The California Educator sits down with CTA President David A. Sanchez to talk about why March 4 was so important and what's next.
The California Educator sits down with CTA President David A. Sanchez to talk about why March 4 was so important and what’s next.
Educator: Why was March 4 important for public education?
David A. Sanchez: On March 4, entire communities stood together and said no to any more budget cuts to public schools, community colleges, universities and the essential public services we all need. It wasn’t the first step, but it definitely was a resounding recommitment to take our communities back, to fight for our neighborhood schools and the future of our students and our state. I was re-energized by standing alongside such a vast coalition of supporters.
So, where do we go from here?
We build on the momentum. Each of us must be an ambassador for our public schools and colleges. We must use every outlet we have to let the public know what cuts are doing to schools, communities and our future. Talk to parents, friends, family and community members — to anyone who will listen. Post to your Facebook page or Twitter account. Talk to your local media. We must keep the conversation alive and be proactive in changing the way California funds public education. We must also continue to work with each other and with broader coalitions.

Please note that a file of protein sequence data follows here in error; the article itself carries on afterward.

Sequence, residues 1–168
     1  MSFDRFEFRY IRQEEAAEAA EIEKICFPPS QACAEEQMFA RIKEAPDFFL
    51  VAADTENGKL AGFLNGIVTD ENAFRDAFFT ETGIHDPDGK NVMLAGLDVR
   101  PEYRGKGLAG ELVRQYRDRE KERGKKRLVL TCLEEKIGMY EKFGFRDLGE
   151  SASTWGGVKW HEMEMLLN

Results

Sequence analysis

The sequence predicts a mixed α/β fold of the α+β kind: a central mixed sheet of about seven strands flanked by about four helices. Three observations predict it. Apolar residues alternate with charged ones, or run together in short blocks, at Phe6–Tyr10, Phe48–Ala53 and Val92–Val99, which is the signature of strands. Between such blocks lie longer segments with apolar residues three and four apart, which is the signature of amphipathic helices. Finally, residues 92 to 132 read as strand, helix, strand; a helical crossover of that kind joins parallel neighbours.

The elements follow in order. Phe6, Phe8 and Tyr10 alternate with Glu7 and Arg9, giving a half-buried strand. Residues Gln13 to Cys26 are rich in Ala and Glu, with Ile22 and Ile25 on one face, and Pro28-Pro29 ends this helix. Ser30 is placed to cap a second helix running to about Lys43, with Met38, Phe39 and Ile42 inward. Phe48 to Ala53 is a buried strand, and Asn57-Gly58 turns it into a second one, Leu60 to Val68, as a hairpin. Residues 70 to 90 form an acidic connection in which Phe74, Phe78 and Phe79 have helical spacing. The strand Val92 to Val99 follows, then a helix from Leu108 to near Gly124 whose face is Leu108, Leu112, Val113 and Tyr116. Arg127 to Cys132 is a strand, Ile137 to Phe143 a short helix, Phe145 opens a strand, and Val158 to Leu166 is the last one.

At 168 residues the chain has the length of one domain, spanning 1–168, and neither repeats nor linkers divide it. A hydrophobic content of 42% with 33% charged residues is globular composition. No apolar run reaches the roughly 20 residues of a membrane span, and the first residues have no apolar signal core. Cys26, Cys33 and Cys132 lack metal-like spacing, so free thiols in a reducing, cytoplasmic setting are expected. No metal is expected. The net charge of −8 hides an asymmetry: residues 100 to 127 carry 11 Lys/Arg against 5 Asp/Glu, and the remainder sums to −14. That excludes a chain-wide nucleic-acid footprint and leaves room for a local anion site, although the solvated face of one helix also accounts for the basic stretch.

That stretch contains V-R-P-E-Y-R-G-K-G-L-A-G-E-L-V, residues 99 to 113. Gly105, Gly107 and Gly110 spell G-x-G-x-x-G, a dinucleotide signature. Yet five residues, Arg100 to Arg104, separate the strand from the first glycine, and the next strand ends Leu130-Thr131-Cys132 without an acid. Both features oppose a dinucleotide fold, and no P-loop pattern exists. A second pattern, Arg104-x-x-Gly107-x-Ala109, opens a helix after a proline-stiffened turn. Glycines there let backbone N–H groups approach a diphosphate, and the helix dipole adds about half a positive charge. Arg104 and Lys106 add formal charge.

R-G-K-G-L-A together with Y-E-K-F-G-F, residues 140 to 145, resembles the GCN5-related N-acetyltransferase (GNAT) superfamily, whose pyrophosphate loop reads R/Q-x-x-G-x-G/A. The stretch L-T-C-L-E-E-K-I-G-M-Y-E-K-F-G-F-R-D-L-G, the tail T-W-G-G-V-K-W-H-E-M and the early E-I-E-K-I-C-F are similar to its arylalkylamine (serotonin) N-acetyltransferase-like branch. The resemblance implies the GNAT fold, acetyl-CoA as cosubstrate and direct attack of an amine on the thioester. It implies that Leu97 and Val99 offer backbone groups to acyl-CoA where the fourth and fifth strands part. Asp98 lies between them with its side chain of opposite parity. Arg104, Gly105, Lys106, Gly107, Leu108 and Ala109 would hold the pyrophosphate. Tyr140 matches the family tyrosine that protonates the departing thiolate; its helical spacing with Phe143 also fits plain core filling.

How is CTA leadership maintaining the momentum?
The CTA Board of Directors and State Council of Education have already begun implementing a plan for next steps. We are declaring April Community Outreach Month to build upon the coalitions that came together to make March 4 such a powerful day. We are standing united with the state Education Coalition in demanding no cuts to education and demanding that lawmakers keep their promise to repay public schools the more than $11 billion they are owed under state law. But our current dilemma can’t just be solved at the Capitol alone. Change must happen at the ballot box and in our communities, too. CTA workgroups are creating plans, and State Council is setting the agenda of how we move forward this election year to pass initiatives that make sure large corporations pay their fair share and to elect candidates who will invest in public education and be held accountable.
What are CTA’s goals for school funding this year?
First, we have to ensure that the governor and state lawmakers keep the promises they made last year when they signed the state budget agreement that included restoring more than $11.2 billion to public education over time. Once again, the governor wants to break his promise to students. We are not going to let that happen. We also have to be realistic. California is in the middle of the largest economic recession of our time. All of our goals for funding our schools and colleges will not be achieved this year. But we can definitely start by repealing the corporate tax breaks the Legislature handed out to large corporations and oil companies last year while slashing $17 billion from our schools. And we can definitely start by electing lawmakers who will stand up for public schools when the going gets tough. There’s a long way to go to make sure our schools and colleges get the funding they deserve, and CTA will not rest until we get there. That’s why it’s so important for you to help us build on the momentum by reaching out in your communities and telling your story.